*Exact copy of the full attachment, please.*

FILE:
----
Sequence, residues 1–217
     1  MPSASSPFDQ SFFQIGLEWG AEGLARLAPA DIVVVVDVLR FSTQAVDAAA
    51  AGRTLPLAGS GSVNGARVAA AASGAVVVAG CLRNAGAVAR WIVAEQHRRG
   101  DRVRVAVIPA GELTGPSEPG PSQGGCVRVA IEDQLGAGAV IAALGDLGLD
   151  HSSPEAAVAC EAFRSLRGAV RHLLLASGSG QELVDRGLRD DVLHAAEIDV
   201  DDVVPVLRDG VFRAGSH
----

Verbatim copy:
Sequence, residues 1–217
     1  MPSASSPFDQ SFFQIGLEWG AEGLARLAPA DIVVVVDVLR FSTQAVDAAA
    51  AGRTLPLAGS GSVNGARVAA AASGAVVVAG CLRNAGAVAR WIVAEQHRRG
   101  DRVRVAVIPA GELTGPSEPG PSQGGCVRVA IEDQLGAGAV IAALGDLGLD
   151  HSSPEAAVAC EAFRSLRGAV RHLLLASGSG QELVDRGLRD DVLHAAEIDV
   201  DDVVPVLRDG VFRAGSH